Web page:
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On-U Sound In The Area

Act New Age Steppers

A montage of New Age Steppers
A montage of New Age Steppers: (Top-left to bottom-right) George Oban, Ari Up, Steve Beresford, Mark Stewart (Photos: On.U Sound)

The On-U Sound 'super-group' that kick-started both album and single releases on the label: An overview by Steve Barker:

The eponymous album debut of the New Age Steppers (NAS) (ON-U LP 1) also provided On-U Sound’s first long player release in January of 1981. In the January of the previous year the band had versioned the Junior Byle’s classic "Fade Away" [Rhythm 1] for the label’s first 7" single (ON-U S 1(1)). Featured on the flip were London Underground with "Learn a Language". As a result NAS have always played a special part in the history of On-U Sound, not only for contributing its debuts in single and album formats, but also for the bringing together of a disparate collection of individuals for the sole purpose of making music - a rationale that On-U was to follow for the following two decades.

On-U's debut 7-inch single
On-U's debut 7" single

Reputedly, the driving force behind the formation of NAS was Arianna Foster a.k.a. Ari Up - the vocalist from the Slits, one of the original "girls with attitude" bands. The Slits, along with other UK outfits like the Clash and the Ruts, felt a close association with the rebel axis of reggae music. For the Slits this link was most creatively manifested in their work with Dennis "Blackbeard" Bovell, a largely unrecognised genius in the area of UK reggae production. Along with Ari came Neneh Cherry, a few years short of her international stardom, step-daughter of jazz legend Don, and mashing up the leftfield indie-funk scene with Rip Rig and Panic. Also from that band were Bruce Smith and Sean "Hogg" Oliver, although drummer Bruce had earlier been a founder member of the controversial Pop Group, as had guitarist John Waddington and vocalist Mark Stewart who was later to produce some of the most radical and brutal music ever to be committed to vinyl in his first two solo albums for On-U.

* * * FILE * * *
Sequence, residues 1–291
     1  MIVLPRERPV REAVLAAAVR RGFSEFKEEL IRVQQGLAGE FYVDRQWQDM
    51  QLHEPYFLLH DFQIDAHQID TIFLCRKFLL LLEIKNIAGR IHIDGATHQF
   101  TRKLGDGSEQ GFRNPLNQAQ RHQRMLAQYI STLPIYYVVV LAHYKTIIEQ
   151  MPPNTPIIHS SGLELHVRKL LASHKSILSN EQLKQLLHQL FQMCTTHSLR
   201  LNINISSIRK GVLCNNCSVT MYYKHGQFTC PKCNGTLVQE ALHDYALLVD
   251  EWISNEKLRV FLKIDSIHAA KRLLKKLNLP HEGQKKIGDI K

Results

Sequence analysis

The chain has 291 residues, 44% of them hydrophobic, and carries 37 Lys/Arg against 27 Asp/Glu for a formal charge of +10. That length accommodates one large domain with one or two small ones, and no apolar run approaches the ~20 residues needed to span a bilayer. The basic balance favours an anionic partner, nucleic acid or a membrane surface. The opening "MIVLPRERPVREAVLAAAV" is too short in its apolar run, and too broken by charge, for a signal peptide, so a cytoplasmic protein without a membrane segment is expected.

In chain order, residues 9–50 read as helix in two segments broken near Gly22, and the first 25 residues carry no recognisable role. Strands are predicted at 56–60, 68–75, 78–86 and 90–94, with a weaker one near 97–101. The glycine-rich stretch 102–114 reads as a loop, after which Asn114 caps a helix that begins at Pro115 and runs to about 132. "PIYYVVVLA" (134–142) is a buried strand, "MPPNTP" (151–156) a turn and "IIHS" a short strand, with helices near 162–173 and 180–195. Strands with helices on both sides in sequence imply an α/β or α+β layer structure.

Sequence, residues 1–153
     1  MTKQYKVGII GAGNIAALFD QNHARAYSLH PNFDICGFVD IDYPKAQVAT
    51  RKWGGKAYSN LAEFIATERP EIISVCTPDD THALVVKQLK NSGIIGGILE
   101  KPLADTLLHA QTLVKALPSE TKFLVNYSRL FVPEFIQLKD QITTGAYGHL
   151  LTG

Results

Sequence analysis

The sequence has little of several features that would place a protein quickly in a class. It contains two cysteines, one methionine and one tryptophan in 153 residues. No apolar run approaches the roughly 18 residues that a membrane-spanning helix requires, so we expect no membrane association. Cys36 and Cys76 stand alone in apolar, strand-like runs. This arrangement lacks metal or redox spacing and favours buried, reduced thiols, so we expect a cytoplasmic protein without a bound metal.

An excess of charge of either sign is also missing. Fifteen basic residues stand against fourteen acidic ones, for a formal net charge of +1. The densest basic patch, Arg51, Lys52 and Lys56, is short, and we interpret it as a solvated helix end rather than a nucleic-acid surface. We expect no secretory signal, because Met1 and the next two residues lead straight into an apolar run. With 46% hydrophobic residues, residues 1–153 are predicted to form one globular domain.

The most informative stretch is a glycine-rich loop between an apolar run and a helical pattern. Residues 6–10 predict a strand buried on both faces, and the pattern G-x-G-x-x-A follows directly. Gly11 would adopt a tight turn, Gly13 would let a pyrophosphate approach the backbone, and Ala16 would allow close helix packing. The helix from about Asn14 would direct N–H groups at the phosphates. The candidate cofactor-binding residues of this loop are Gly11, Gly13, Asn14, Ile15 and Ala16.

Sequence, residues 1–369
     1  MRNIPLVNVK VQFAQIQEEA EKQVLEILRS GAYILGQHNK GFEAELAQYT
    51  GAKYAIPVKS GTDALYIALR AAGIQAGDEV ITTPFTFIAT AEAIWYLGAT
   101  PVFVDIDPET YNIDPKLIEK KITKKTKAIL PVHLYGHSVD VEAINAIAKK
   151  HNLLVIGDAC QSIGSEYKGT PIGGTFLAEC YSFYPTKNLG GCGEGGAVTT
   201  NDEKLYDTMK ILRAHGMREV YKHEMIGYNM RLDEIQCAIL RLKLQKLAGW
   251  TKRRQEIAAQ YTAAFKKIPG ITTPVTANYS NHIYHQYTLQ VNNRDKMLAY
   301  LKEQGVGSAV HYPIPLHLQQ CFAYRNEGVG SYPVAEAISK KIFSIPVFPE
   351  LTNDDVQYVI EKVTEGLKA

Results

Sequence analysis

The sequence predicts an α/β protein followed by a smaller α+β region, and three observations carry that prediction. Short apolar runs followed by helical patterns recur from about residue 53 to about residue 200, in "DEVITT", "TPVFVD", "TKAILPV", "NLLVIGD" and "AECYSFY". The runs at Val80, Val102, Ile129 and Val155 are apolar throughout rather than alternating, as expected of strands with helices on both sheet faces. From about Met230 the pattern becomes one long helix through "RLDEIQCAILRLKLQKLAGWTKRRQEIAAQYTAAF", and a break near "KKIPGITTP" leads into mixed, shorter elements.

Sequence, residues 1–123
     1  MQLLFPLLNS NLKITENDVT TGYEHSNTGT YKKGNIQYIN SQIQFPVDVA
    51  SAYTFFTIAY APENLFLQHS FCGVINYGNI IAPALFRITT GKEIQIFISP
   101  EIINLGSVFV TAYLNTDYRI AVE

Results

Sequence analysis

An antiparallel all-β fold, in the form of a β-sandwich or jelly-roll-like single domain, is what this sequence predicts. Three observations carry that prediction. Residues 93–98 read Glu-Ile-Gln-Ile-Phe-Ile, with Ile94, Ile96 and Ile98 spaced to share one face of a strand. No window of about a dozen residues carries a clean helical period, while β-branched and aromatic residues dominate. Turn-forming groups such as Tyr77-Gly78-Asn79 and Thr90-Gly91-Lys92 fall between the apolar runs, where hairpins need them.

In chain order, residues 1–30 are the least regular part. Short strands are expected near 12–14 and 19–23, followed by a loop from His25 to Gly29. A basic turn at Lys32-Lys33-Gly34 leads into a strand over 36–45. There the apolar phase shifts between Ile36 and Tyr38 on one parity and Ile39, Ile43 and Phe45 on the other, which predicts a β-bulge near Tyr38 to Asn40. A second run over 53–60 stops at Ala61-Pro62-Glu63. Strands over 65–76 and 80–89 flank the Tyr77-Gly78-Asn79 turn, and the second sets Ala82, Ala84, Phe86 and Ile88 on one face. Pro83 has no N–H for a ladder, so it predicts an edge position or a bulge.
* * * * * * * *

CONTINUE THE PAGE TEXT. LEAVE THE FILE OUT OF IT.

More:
Keith Levene from Public Image Limited was in the area - but not on the first album. Style Scott from Jamaica’s reigning rhythm machine the Roots Radics and George Oban from the UK’s top roots outfit Aswad supplied the drum and bass foundation and credibility for the enterprise. Whereas from the UK, Creation Rebel’s Charlie "Eskimo Fox" and "Crucial" Tony Phillips provided the link with Adrian Sherwood’s previous studio work. Viv Goldman and Vikki Aspinall were both recruited in from the collective that constituted the all-female Rough Trade band, The Raincoats and Steve Beresford was, well Steve Beresford, but perhaps best known for his Flying Lizards association. Technically able to play, inspire, provoke and create - here he was making one of his many appearances on early On-U Sound recordings.

Although I cannot personally testify to this, it is rumoured that in 1980/1981 NAS, together with producer Adrian Sherwood, took seventeen musicians to the BBC Studios in Maida Vale to record a session for the John Peel radio show. Given the penury in which most musicians lived at the time, seventeen lots of Musician's Union fees would no doubt come in handy! [***Ed.: It has recently been suggested by a well informed source that the "session" may, in fact, have been a pre-recorded "private tape" that was supplied by AMS to the show, featuring just 15 unnamed musicians and recorded in 1983...***]

The set of that first album opens with Ari Up's off-centre vocals on the NAS version of Junior Byles' "Fade Away", a tune which the singer had cut for Channel One's JoJo Hookim some five years earlier but which had already achieved the status of a reggae standard. "Crazy Dreams and High Ideals" [Rhythm 59] is one of those songs, which counted as favourite down at On-U and was versioned over time numerous times by others and its author Mark Stewart.

A version of "Animal Space" was originally released as a UK 7" single by the Slits on the Human label and can also be found on their album "Return Of The Giant Slits" on CBS. Bim Sherman’s "Love Forever" [Rhythm B13] is next for the Ari Up treatment with some great spooky on-key screams in the dub towards the track’s close. The set is rounded off by a dub version of Viv Goldman’s overtly political "Private Armies". Viv was better known as a music journalist, mainly for the New Musical Express (NME) music paper rather than a musician. Her only single was "Laundrette" on a Rough Trade 7", which had the vocal version of "Private Armies" as the flip.